Plans to change A-Level system announced

First published on Wed, October 17, 2012.

Michael Gove has announced plans to reform the current A-level system, it was reported today

Responding to criticism from universities that students lack breadth of knowledge and are focusing too narrowly too quickly, the plans would ensure that students taking an arts subject would also have to take a maths or science qualification, and vice-versa. Gove's latest move follows his announcement last month that he is to scrap GCSEs in favour of what he regards as a more academically rigorous English Baccalaureate (EBacc) system.

The term ‘baccalaureate’ has come into increasing use over the last few months and has become synonymous with curriculum reforms designed to raise and benchmark standards. Gove’s reforms would not replace the A-Level system with the International Baccalaureate, but would introduce some of the principles of that qualification.

The shadow education secretary Stephen Twigg has indicated that the Labour Party support the introduction of the ‘A-Bacc’, although the reforms they suggest would support a wider range of subjects and a new, alternative vocational stream known as the Technical Baccalaureate or ‘Tech-Bacc’. The Tech-Bacc offers an alternative to the A-level framework for students aged 16+, and would include English and maths as well as a vocational qualification and formal work experience.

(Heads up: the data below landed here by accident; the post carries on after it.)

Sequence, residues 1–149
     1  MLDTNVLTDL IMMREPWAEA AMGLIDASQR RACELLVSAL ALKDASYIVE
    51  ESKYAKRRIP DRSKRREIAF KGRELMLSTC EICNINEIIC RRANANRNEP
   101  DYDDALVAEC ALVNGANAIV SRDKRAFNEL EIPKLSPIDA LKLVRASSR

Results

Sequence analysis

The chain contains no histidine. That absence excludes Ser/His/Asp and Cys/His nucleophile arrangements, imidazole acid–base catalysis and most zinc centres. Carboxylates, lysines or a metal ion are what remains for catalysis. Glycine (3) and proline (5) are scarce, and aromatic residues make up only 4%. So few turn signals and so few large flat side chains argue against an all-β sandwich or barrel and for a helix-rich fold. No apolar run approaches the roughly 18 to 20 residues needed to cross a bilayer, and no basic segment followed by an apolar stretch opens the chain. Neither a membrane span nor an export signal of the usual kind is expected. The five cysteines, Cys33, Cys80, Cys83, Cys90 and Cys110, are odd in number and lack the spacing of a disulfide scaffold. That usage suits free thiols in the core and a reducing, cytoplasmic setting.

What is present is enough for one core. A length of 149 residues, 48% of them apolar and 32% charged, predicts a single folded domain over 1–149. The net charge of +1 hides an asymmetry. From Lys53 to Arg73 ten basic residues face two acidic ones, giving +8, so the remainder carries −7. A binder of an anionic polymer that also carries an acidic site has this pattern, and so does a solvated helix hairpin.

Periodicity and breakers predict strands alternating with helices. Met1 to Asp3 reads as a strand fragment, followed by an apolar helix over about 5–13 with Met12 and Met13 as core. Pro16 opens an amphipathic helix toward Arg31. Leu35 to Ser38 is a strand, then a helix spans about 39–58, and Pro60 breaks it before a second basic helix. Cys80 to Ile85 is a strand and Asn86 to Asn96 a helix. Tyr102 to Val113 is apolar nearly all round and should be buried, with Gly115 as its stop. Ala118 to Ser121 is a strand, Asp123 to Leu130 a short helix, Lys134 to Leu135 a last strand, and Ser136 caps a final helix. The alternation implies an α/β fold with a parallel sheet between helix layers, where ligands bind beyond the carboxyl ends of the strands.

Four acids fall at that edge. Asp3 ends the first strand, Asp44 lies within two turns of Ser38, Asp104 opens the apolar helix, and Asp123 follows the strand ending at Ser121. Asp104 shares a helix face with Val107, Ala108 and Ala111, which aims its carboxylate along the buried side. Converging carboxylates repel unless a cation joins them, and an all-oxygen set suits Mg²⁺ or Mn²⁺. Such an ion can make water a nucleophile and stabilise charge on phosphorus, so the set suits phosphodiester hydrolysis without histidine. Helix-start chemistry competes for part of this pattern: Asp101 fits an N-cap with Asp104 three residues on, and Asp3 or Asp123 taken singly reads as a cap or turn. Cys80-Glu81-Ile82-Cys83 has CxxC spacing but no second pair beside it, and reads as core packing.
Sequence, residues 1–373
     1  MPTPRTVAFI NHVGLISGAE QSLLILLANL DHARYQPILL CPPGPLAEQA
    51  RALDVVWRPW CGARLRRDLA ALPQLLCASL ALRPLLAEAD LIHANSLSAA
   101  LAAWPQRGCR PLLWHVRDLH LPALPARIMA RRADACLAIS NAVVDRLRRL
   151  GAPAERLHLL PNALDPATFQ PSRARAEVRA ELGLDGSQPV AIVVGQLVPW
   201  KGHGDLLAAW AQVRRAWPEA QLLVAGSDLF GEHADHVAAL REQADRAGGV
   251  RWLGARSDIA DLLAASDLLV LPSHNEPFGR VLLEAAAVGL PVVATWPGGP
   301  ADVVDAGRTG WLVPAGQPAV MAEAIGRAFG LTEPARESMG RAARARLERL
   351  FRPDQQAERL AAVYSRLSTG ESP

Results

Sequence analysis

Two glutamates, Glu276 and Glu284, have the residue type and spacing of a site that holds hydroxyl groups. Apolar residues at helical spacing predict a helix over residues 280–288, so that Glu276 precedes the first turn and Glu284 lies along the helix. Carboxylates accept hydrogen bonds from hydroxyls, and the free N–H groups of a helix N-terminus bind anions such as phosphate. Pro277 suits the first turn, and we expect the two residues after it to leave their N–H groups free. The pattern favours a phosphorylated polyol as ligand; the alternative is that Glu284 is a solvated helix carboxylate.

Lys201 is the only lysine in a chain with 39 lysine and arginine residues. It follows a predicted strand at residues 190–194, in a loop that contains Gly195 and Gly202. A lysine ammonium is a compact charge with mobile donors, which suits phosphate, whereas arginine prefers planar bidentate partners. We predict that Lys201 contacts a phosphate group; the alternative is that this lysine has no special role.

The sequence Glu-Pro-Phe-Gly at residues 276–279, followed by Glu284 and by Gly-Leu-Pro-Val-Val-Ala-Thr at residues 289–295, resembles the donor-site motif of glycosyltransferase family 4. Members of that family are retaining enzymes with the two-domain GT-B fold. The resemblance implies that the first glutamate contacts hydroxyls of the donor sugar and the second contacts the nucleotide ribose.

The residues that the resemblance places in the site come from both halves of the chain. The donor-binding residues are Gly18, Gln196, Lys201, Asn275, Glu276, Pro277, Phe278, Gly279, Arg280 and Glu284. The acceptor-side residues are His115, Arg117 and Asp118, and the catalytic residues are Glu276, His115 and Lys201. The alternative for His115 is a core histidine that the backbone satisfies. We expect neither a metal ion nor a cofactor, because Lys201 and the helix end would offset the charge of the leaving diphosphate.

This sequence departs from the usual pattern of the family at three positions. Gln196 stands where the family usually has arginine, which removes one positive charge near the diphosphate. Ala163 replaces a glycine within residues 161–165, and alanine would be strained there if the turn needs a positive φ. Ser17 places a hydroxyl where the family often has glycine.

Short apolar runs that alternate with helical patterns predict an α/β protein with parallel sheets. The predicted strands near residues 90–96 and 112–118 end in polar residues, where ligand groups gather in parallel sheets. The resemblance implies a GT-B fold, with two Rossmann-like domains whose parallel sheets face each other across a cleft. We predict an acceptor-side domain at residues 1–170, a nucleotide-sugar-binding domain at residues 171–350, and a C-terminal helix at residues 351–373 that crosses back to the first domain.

For those who have already reached the basic GCSE level including English and maths, but wish to acquire further technical qualifications, the Labour Party have also raised the prospect of a higher-level Tech Bacc comprising higher literacy, numeracy, problem-solving and project-working skills, together with substantial work experience and a technical qualification taken either prior to or alongside an apprenticeship.

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